by Jacob Baadsgaard June 30, 2016

Is it Time to Switch Online Marketing Agencies?

There are a lot of good reasons to hire an online marketing agency—the price point is typically better, you get the time and talents of a team of marketing specialists…and the list goes on.

However, sometimes things just don’t seem to be working out.

Maybe you aren’t getting the results you need. Maybe you don’t like the account manager you are working with. Maybe something’s changed in your business.

Don’t worry, you’re not alone.

According to a recent report by the Agency Management Institute, 50% of companies with an agency have changed agencies at least once in the last 2 years.

Clearly, not every agency-client relationship is a match made in heaven.


However, there are times when it makes sense to switch agencies and times when it doesn’t. The question is, should you be switching agencies? Or would it be better to try and make things work with your current agency?

To answer those questions, let’s take a look at 3 of the biggest reasons why companies switch online marketing agencies, the specific problems that prompt them to switch and how to handle those problems.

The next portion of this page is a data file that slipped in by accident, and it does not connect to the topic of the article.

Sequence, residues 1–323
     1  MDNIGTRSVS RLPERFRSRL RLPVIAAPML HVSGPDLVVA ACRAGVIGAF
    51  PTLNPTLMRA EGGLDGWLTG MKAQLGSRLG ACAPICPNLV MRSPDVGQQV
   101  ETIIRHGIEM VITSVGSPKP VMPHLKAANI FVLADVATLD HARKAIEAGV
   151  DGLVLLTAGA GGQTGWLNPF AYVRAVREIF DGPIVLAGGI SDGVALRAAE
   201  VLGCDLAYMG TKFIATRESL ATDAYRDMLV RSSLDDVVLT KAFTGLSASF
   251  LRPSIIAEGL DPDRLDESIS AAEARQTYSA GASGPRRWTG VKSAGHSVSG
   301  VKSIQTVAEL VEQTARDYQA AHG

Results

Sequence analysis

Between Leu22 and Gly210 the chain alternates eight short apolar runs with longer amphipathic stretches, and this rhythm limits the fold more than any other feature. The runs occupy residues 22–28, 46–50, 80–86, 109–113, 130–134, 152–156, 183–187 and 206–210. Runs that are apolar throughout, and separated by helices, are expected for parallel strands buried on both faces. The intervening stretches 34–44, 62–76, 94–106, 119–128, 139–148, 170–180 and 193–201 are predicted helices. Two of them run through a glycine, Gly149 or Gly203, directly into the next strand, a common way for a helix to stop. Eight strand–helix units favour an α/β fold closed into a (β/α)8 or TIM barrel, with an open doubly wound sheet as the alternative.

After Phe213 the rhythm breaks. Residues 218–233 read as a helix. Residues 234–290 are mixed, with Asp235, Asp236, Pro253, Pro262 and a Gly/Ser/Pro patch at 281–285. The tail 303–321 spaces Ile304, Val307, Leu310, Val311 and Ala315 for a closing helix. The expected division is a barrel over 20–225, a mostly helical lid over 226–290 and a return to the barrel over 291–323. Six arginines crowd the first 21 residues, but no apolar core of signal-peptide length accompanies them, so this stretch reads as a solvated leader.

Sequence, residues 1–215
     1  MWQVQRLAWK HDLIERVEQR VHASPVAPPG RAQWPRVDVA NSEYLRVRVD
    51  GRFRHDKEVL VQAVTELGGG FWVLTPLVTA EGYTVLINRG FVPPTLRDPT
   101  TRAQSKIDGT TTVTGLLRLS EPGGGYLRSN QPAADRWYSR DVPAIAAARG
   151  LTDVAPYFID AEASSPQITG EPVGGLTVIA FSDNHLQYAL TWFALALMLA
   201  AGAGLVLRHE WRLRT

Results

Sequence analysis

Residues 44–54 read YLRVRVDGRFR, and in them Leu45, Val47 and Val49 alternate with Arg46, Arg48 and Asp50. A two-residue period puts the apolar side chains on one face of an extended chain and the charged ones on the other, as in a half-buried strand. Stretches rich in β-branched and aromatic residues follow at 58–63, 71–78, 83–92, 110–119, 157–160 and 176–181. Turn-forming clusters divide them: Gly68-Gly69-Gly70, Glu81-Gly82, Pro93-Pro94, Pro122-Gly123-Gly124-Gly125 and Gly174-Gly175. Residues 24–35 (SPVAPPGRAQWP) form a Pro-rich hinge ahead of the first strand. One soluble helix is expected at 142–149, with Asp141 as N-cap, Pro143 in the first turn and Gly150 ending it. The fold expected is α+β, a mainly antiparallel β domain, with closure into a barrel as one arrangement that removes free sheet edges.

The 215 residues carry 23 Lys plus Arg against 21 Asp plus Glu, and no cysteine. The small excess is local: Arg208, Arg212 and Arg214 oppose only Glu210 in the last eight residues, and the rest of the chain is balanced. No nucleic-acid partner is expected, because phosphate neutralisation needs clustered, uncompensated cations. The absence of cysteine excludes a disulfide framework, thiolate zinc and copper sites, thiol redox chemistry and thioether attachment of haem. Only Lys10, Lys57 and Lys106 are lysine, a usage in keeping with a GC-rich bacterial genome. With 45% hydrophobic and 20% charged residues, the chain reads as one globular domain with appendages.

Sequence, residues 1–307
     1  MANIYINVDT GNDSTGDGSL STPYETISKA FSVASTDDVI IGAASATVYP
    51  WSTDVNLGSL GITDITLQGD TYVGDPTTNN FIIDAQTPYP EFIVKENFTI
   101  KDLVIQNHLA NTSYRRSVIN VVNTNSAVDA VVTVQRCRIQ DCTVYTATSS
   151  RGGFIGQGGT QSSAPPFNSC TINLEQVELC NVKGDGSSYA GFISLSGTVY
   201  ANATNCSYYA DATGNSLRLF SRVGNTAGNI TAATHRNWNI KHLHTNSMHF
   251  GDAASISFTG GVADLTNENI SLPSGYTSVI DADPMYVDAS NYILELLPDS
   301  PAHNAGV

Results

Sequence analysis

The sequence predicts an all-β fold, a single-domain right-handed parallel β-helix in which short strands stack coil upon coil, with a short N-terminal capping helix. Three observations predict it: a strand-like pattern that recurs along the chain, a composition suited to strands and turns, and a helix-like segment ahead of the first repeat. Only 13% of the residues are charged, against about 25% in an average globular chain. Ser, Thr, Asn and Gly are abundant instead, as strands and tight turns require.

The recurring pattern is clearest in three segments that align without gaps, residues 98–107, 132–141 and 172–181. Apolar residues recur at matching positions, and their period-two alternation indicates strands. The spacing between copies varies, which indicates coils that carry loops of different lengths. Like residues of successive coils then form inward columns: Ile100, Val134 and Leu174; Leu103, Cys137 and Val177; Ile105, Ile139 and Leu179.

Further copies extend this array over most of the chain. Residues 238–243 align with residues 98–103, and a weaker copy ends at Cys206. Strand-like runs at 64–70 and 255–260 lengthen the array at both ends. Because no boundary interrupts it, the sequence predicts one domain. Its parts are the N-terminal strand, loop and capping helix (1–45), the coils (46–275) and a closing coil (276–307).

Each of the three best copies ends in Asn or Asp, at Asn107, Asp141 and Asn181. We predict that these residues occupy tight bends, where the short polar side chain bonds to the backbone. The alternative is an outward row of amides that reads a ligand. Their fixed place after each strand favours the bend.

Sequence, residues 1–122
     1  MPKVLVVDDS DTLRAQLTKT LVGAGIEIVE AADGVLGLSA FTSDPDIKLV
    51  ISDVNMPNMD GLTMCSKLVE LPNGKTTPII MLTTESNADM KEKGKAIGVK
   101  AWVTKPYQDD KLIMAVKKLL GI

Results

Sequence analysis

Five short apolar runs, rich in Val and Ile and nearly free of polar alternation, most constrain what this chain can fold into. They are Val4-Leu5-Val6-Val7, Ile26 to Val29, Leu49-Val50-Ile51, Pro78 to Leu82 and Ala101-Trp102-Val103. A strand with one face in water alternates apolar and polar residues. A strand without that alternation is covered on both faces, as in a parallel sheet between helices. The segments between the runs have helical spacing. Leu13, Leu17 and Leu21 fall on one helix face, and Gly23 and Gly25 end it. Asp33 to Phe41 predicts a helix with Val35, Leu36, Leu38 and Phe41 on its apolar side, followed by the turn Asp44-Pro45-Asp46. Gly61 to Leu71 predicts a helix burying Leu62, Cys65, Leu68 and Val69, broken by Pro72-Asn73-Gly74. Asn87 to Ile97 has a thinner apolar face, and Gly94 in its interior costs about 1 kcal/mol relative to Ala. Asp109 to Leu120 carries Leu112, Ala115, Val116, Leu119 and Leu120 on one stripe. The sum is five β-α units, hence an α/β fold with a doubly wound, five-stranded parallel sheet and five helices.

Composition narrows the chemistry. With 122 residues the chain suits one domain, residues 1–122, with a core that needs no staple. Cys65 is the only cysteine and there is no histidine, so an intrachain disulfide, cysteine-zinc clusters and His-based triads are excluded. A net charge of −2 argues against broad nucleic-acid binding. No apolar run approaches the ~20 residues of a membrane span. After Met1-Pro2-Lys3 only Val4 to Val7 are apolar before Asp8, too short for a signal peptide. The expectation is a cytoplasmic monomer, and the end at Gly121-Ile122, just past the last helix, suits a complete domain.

1. You Aren’t Getting Results

For 46% of companies, it all boils down to results. If the agency can’t drive the results they need, they get fired.

At first glance, this seems like a perfectly reasonable way to determine the value of your agency relationship—and it is.

However, before you say, “The results aren’t there, it’s time to move on”, it may be a good idea to ask yourself the following questions:

Have I established clear expectations?

If you don’t know what you expect from your agency, how do you know if they’ve succeeded?

More importantly, if you haven’t made your expectations clear to your agency, they may be chasing a moving target. They don’t know what you want, which makes it hard to produce the results you need.

If you’re frustrated with your current marketing agency, but you haven’t set clear, specific, measurable goals and expectations, changing agencies won’t fix the problem.